Dr McLaren informed the meeting of the possibility of working on biochemical reactions and that Prof Pretorius seemed very interested. He also indicated that the cost involved in the study, would roughly be R25 000. No definite proposal has been drafted or submitted.

      Dr De Kock requested more comments and information on the biochemical work, whether it is viable, can relevant information be obtained, is it a priority and if so, that a proposal be submitted to the Task Team for approval and the to the PRF for funding.

      Ms Du Preez informed the meeting that while reading literature for her Review, she has found papers published on biochemical work and offered to download and submit the information to Dr McLaren.

      Prof Pretorius mentioned that the University of the Free State has excellent plant physiologists already working on defense responses to biotic and abiotic stresses. He also stated that comparative experiments in the field and glasshouse will be needed to compare the different biochemical responses in the different environments and in order to do so, a huge amount of traveling is needed. He also offered to liaise between the task team and his colleagues if the meeting thought it necessary to submit a proposal.

      Dr McLaren mentioned that the idea is to link the biochemical project to the planting date trials and to use samples from the trials and link them to rust development at the various growth stages and specific biochemical changes.

      Dr Purchase asked whether work on biochemical reactions are of academic importance or whether it will make a definite contribution to the soybean industry and to the management of the disease?

      Prof Pretorius informed the meeting that it is more of an academic study, but that all resistance breeding work started with academic studies. We do not know the genes involved, how many genes there are, how they function, how they are expressed and how they are to be used in breeding and selection. If the actual mechanism can be determined, the information can theoretically be used for selecting better, more tolerant and resistant genotypes in future.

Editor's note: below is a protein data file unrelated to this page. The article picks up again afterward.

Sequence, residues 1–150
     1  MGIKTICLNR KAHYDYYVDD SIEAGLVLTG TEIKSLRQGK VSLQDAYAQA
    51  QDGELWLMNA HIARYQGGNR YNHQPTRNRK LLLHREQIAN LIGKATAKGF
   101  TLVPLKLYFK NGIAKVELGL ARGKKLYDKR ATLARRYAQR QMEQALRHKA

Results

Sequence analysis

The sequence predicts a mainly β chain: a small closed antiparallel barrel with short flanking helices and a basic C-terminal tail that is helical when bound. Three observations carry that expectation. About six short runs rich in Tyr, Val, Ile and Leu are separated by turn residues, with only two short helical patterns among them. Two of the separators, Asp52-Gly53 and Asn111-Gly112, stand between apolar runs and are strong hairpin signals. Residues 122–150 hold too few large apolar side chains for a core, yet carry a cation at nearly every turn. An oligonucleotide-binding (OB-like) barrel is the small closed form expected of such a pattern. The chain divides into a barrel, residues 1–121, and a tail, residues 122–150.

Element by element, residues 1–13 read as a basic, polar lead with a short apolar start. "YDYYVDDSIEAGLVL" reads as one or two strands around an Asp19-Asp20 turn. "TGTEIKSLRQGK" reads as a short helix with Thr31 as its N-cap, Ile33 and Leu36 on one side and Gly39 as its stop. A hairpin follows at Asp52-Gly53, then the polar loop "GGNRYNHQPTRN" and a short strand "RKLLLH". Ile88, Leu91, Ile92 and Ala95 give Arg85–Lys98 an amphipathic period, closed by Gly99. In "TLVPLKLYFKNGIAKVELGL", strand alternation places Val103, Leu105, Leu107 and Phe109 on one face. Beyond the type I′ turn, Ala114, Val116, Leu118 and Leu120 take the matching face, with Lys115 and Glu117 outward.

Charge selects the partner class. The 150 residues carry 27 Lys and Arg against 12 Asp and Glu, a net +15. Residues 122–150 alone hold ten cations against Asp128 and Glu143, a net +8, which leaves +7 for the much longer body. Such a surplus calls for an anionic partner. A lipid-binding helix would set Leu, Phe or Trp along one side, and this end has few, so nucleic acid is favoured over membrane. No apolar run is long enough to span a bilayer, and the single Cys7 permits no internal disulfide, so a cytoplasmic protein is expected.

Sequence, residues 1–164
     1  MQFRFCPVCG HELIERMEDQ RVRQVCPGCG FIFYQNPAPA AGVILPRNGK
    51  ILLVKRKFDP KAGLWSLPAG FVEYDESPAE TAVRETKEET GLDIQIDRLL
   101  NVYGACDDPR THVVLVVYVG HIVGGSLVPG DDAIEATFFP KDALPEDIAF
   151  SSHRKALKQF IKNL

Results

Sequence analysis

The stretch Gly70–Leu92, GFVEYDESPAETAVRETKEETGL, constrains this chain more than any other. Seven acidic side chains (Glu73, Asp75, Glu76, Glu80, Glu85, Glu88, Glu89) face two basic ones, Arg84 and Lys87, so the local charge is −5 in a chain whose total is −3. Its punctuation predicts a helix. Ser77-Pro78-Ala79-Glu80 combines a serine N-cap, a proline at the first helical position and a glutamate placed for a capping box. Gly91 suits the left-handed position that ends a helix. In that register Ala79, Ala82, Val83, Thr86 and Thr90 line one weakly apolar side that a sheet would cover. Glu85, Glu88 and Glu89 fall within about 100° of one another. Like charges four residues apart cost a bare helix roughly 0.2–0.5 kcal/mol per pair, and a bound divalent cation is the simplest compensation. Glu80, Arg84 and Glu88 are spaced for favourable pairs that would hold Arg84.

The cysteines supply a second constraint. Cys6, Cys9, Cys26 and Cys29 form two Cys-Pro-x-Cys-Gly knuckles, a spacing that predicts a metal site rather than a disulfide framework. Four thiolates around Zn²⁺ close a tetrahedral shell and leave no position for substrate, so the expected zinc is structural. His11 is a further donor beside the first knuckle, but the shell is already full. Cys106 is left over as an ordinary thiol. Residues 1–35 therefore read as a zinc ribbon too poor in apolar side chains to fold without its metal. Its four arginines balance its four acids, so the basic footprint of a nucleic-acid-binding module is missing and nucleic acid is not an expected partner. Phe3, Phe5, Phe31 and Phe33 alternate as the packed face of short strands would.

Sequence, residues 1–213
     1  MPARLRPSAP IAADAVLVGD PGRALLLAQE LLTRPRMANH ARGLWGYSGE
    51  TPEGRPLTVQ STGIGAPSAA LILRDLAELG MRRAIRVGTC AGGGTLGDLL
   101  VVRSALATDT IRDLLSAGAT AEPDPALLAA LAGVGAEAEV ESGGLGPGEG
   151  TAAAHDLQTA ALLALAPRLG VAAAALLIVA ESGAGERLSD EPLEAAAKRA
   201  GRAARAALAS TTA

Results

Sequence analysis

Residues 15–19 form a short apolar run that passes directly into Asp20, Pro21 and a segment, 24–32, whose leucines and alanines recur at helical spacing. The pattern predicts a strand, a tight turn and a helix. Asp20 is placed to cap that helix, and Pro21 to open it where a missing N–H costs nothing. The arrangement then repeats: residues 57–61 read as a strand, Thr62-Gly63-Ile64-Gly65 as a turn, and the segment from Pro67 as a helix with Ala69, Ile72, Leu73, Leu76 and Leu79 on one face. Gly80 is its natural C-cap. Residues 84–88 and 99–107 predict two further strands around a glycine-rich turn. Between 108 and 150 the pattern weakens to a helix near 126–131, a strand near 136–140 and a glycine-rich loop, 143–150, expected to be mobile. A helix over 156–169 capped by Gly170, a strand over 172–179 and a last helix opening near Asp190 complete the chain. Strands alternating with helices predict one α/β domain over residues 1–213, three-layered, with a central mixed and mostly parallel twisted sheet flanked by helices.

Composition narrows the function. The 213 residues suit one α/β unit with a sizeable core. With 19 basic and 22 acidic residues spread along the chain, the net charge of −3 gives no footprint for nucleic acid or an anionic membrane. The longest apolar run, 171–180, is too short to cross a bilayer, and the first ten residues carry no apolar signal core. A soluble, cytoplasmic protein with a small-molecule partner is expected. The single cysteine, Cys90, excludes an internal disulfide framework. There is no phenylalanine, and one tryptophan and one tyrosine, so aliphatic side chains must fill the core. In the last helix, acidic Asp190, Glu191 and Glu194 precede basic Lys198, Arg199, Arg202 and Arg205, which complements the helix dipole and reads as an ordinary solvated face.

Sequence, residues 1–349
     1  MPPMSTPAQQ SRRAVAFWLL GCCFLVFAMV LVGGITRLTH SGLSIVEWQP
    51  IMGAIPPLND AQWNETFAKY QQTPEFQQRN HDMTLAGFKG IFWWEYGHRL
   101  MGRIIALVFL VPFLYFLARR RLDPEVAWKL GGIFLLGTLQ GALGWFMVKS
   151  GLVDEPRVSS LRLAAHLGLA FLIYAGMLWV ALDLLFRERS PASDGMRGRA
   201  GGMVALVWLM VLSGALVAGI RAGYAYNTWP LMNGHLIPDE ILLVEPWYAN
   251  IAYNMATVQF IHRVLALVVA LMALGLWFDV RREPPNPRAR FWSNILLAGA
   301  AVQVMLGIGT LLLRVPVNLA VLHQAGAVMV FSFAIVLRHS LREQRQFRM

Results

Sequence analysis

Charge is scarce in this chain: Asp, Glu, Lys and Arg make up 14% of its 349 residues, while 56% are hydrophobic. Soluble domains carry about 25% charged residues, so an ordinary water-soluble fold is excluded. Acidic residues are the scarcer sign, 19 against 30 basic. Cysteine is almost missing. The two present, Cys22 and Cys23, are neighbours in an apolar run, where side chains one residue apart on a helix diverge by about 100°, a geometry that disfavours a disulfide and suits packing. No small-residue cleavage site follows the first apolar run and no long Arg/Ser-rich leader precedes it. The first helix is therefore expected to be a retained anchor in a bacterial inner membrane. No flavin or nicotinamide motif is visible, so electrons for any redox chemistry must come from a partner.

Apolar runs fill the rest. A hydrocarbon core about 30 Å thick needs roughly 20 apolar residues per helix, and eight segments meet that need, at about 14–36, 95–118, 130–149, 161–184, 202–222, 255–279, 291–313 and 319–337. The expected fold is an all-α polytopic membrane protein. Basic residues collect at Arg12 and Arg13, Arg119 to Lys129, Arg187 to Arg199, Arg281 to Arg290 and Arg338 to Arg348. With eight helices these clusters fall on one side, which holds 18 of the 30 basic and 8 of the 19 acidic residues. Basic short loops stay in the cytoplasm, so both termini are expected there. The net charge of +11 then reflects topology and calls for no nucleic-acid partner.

Host physiology and susceptibility needs to be researched - a project proposal on biochemical reactions to be submitted.

      Prof S Pretorius
      Dr McLaren

    3. Hypothesis statement for breeding for soybean rust resistance – Mr AJ de Lange

      See attachment 6.

      Questions / Answers / Comments

      Which germplasm is being referred to and was any of the material from America acceptable for continued use?

      The germplasm consists of 54 lines of which 17 are from AVRDC and the other 36 from America. No definite answers regarding resistance and tolerance from the American material has been obtained – the results and information available from Zimbabwe were used.

      Were the germplasm lines evaluated?

      The lines were planted right next to the cultivar trials and all were affected by the spray which means that the desired levels of rust infection were not achieved. The trial will be repeated, but the trial design and location will have to be replanned.

      It was minuted that Zimbabwean material showing sources of resistance will be followed up and Mr De Lange only referred to PI200466. Is that the only line that showed potential?

      Two lines from Zimbabwe were identified namely PI200466 and CM60, a selection from Chinmay, as resistance sources. CM60 could however not be obtained for further research purposes due to proprietary rights.


      Germplasm not performing accordingly, to be reevaluated and to be artificially inoculated.

      Dr De Kock

      Dr McLaren commented that the inoculum is present, but that the locality needs to be changed and irrigation needs to be used.


      • Germplasm trials to be repeated;

        Dr McLaren

      • possibility of other locations to be investigated;

        Mr De Lange

      • trials to be irrigated; and
      • suggestion of Prof Pretorius (planting of incolulated rows in-between) to improve disease development, to be used.